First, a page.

Then I saw the blood, and of course thought I was dying. My husband, who is a retired lawyer and not trained to be Florence Nightingale, displayed formidable nursing cajones. “Shower,” I whimpered, and he helped me crawl there, where I sat weeping in the stall, warm water pouring over me, clutching the pot on my lap. The whole horrible wake-up-in-my-own-mess moment had been rendered even more dreadful by the fact that I was buck naked. And my poor, dignified, drama-avoiding husband had to deal with that.
That was the crisis point. We called a friend to drive us to the local doctor, about three miles away, “in town.” My hubby and our buddy walked me into the clinic, two guys escorting this whimpering, weaving, large-size woman like two tugboats. The clinic was a one-room bungalow with a shell-dirt parking lot, and its waiting room was a collection of plastic lawn chairs on a shaded front porch. The clinic’s door opened straight into the doctor’s examining room and office, and his examination table was under a large, open, curtained window, overlooking the patio. When he examined me, he had to keep holding back the curtain as it blew inward in the breeze.
The doctor was very good. Through a combination of broken English, broken Spanish, and Google Translate, we got the symptomology across to him. He gave me a thorough check-up, and a stop-the-barfing needle. I was given an anti-diarrhea prescription, flora restorer, a bottle of Pedialyte, and instructions to go to bed at once. No problem with that: bed was all I wanted. I even thought I might be improving.
I wasn’t. By the time we got back to the hotel, the bug brought out the big guns. This bug didn’t just make you barf and poop. This bug hurt, and so did my head and mouth from the crack on the noggin. I lay in bed groaning and yelling at my poor husband for breathing too loudly. As for the anti-vomiting injection, I still produced one more spectacular gout of bizarrely-coloured bile. Then – unable to read or sleep – I passed the time posting shots of my facial contusions to Facebook. Eventually I fell asleep, and didn’t wake up until 4 a.m. the following morning.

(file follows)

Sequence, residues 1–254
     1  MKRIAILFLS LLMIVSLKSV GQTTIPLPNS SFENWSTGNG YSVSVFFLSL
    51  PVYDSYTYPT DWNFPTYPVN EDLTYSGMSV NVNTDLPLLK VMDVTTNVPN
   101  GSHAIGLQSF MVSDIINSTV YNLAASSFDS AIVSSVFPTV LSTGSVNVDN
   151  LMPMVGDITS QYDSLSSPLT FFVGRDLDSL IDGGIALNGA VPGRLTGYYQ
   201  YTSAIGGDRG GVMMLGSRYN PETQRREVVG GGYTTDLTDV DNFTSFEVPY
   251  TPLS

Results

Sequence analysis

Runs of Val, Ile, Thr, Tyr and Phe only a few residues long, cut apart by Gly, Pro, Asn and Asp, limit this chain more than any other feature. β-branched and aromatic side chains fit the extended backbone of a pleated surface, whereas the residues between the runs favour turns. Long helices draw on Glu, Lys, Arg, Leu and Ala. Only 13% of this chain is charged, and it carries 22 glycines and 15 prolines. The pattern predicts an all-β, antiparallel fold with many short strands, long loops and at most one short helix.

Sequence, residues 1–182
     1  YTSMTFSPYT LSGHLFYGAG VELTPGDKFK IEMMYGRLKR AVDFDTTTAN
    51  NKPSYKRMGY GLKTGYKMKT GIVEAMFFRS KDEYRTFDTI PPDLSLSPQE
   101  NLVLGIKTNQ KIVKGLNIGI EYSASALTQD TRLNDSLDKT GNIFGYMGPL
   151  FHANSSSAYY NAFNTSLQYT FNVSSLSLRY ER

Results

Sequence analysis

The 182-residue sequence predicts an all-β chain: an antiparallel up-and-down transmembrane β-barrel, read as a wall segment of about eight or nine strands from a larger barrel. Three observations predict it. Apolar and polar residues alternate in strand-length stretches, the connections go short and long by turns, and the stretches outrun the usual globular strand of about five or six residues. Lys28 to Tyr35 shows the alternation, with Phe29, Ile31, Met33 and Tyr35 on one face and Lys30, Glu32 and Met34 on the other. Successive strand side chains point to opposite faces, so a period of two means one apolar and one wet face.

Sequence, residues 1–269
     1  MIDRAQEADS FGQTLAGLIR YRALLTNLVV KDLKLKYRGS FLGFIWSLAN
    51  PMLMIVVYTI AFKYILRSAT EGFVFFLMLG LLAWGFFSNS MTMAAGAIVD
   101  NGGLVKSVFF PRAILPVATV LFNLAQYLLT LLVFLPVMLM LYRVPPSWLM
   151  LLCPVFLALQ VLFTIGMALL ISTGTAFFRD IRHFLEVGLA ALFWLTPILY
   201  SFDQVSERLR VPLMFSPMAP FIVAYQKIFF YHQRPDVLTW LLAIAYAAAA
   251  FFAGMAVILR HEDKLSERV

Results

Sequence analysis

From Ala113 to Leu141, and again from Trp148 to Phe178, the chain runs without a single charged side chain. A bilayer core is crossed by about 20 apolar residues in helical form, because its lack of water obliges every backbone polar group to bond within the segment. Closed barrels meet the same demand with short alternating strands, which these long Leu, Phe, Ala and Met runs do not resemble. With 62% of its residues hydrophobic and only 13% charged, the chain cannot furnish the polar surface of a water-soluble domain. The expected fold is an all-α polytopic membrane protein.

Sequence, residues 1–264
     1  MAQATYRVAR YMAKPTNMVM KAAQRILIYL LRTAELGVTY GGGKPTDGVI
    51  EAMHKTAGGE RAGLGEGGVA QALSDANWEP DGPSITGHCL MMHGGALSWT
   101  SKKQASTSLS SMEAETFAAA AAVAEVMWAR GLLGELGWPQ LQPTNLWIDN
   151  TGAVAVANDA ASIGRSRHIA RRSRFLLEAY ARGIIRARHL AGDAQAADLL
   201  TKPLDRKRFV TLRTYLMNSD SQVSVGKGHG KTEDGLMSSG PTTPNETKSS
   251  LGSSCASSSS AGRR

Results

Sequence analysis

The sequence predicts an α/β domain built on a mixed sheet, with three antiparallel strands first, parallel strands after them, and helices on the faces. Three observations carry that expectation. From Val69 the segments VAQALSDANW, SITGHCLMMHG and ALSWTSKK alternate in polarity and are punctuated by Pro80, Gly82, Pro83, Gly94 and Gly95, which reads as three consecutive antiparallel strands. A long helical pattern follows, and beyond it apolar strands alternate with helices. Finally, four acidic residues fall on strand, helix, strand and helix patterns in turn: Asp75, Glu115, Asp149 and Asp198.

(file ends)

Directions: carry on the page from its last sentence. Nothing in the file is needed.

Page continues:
At which point, twenty-four hours later, I was fine. You could have set a clock by that bug’s lifespan.
I took it easy for a couple more days, hanging around the hotel and its little beach. I couldn’t eat anything (truly a rare experience for me), but that was okay. And I no longer wanted to go home. I wanted to get on with my holiday – go swimming and fishing and the local 20-peso Zumba class at Le Triton.
But the experience did change one thing about my future travel plans. My husband and I retired so that we could – among other things – travel. We’ve thought about exotic destinations, and far-away ones. Every year, we think about an alternative to our familiar Mexican spot, and wonder about some eco-lodge in the south seas. We’ve considered the Galapagos and discussed Africa. And every year, for some reason or another, we’ve ended up back in our Mexican Wasaga Beach.
This illness, though, has dampened my urge to be wildly adventurous. Yes, the world is an amazing place, and there are things I still want to see. Venice, maybe, and New Zealand. But when I woke up on a tile floor in Mexico and thought I’d vomited blood, it meant a lot to be only a few miles from a doctor, and to have a friend nearby to help. What if I’d been at an eco-lodge in the Costa Rican jungle? What if I’d been on a cruise to the South Pole? I was sick, I was scared, and I was far from home. At least I was not alone.
Now I’m back in Canada, where of course there are lots of flu bugs capable of doing exactly what that Mexican bug did to me. Still, for the time being at least, I seem resolved to reduce my travel expectations. For the last couple of years, my husband and I have been muttering about doing something more bucket-list-like, and more adventurous. Now, we both feel that being that sick, that far away from home, was adventure enough.
Although I did dive off that two-storey diving platform into that cenote a few days later. Hmm. Maybe I’m not quite done with the adventure after all.